The curtain is closing on traditional cinematography as the limitations of traditional 35mm film are exceeded by modern digital technology. It’s a process that at face value seems an obvious inevitability – yet despite the availability of appropriate technology, digital cinemas have yet to become a viable reality anywhere in the world.
However, that was before South African company, Central Point Communications (CPC), hit the scene with the support of Argil Venture Capital, a company which manages a Technology Fund, whose investors include Ernst & Young.
Central Point Communications has concluded the rollout of digital cinema servers in 36 NuMetro Cinema complexes around South Africa, enabling these cinemas to exhibit high definition advertising and full length feature movies from a digital platform.
Using its experience in developing Digital Signage software and content delivery engines, CPC has developed an advanced Digital Cinema offering based on its popular DC Media Digital Display technology.
"Our software platform is flexible enough to support newer multimedia formats including High Definition (HD), allowing our customer to innovate without the need for re-capitalisation’ says Richard Brock, director of software development at CPC. Aside from facilitating playback of digital content, the CPC Digital Cinema product includes comprehensive management software that provides continuous feedback and remote control mechanisms.
By leveraging off the reliability and high quality displays produced by DC Media, the CPC Digital Cinema offering facilitates the playback of advertising material and feature movies in either standard definition or high definition.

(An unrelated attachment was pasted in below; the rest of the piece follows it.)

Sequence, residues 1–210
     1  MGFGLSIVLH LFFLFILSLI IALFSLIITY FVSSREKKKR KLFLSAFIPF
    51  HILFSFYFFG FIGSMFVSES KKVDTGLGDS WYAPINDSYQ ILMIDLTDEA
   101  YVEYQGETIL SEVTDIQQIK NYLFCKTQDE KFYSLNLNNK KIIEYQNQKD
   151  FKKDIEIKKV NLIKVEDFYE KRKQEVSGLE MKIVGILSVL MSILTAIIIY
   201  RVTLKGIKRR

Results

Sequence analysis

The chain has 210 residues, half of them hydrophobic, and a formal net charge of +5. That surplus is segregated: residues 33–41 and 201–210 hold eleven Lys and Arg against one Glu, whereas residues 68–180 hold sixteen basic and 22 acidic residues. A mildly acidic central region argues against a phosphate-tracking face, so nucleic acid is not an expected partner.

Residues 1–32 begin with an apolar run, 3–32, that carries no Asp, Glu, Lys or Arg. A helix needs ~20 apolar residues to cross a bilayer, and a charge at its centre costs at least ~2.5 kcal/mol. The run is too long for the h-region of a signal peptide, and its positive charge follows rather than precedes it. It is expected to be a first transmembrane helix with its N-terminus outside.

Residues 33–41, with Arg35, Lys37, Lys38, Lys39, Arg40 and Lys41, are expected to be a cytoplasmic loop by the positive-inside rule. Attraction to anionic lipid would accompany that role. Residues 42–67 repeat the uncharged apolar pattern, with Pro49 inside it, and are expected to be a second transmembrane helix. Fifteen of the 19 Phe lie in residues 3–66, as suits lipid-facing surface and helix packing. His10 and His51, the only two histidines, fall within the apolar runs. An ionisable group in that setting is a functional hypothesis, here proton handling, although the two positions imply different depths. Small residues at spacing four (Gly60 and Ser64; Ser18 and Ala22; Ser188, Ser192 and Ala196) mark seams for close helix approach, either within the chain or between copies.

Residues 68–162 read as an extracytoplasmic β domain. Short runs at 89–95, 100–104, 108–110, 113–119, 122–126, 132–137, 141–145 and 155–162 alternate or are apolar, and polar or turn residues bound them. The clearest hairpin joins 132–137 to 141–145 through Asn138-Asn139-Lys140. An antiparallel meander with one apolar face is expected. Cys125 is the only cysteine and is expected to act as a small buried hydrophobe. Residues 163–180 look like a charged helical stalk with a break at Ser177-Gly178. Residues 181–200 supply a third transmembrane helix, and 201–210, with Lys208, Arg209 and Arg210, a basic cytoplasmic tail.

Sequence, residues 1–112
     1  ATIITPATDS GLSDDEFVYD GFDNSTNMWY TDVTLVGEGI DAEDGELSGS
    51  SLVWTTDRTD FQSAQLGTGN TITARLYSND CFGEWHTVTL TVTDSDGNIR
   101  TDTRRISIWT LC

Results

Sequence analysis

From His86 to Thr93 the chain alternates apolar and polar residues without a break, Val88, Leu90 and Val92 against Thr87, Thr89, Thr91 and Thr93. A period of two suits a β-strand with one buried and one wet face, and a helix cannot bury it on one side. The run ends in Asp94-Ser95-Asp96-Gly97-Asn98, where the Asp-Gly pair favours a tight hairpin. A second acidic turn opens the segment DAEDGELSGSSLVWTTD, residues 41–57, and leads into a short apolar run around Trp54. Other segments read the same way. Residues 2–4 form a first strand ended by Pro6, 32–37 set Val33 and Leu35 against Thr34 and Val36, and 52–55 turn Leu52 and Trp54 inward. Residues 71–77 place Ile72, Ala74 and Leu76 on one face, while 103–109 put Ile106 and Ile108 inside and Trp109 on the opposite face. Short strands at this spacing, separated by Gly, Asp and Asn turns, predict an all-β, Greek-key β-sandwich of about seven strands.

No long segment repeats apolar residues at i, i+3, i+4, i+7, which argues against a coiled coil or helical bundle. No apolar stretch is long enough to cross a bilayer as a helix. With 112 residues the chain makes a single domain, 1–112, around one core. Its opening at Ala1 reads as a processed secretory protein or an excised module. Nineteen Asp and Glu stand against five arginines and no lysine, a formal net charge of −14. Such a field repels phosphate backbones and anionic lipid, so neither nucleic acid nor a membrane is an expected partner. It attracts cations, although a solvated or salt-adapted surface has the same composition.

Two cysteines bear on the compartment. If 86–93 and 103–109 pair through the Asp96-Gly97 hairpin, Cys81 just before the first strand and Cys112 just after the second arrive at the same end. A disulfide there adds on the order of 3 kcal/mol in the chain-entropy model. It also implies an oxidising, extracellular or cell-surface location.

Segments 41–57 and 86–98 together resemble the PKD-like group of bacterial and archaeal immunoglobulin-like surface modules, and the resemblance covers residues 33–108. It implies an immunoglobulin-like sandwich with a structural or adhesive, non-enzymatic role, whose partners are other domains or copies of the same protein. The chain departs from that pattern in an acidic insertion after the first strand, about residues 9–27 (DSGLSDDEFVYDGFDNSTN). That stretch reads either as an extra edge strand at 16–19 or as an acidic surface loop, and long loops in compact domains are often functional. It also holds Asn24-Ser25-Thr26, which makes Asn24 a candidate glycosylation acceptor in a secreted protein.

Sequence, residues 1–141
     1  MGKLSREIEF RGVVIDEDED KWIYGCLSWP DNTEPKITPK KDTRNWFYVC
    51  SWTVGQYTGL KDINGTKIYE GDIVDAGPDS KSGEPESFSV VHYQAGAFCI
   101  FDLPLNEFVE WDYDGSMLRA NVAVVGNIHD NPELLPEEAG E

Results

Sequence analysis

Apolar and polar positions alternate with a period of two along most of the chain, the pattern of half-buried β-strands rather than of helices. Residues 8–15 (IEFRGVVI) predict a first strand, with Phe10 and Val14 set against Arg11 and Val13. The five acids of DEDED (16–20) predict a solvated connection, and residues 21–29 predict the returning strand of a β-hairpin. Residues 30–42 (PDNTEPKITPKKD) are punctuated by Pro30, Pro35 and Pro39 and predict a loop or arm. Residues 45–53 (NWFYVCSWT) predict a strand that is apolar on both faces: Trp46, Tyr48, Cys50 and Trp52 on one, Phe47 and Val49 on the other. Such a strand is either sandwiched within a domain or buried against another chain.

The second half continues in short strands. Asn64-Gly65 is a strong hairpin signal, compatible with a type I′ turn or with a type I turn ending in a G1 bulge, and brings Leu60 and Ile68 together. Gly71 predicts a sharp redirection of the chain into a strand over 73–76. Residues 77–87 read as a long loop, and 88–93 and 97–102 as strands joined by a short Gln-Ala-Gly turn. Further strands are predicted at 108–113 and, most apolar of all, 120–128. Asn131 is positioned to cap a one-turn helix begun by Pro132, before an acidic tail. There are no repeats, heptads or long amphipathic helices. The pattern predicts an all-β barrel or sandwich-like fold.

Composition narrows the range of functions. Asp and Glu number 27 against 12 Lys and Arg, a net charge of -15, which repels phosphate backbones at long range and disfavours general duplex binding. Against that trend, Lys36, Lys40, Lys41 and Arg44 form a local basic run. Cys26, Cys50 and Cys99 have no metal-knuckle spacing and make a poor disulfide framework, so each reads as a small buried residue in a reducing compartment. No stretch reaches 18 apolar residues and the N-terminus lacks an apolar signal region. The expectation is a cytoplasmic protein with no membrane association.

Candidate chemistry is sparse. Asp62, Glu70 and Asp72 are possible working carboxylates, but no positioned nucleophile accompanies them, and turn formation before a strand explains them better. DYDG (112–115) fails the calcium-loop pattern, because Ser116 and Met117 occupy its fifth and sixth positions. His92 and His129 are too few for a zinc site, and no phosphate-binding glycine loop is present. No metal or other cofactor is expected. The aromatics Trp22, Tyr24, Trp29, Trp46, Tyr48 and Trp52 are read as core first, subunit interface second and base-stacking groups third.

“This is one of the drivers behind the digital cinema: the traditional medium of 35mm film stock is expensive, while the film itself is delicate and sustains damage as it is exhibited,” says Paul Dixon, MD of Argil Venture Capital. “Eliminating the need for a print, one of which must be supplied to every cinema, immediately and significantly reduces the cost of screenings both for advertising and movies.
“The advantages of digital cinemas go much further than the massive savings on the costs of film distribution,” continues Dixon. “The visual quality of the show is better over time (a traditional film print deteriorates with repeated screenings) and advertisements can be added to the feature with ease, a previously error-prone process of splicing advertising reels onto the feature using adhesive tape. More importantly, the elimination of the cost of producing and distributing physical film, independent movie producers are able to take their productions to the public at a far reduced cost.”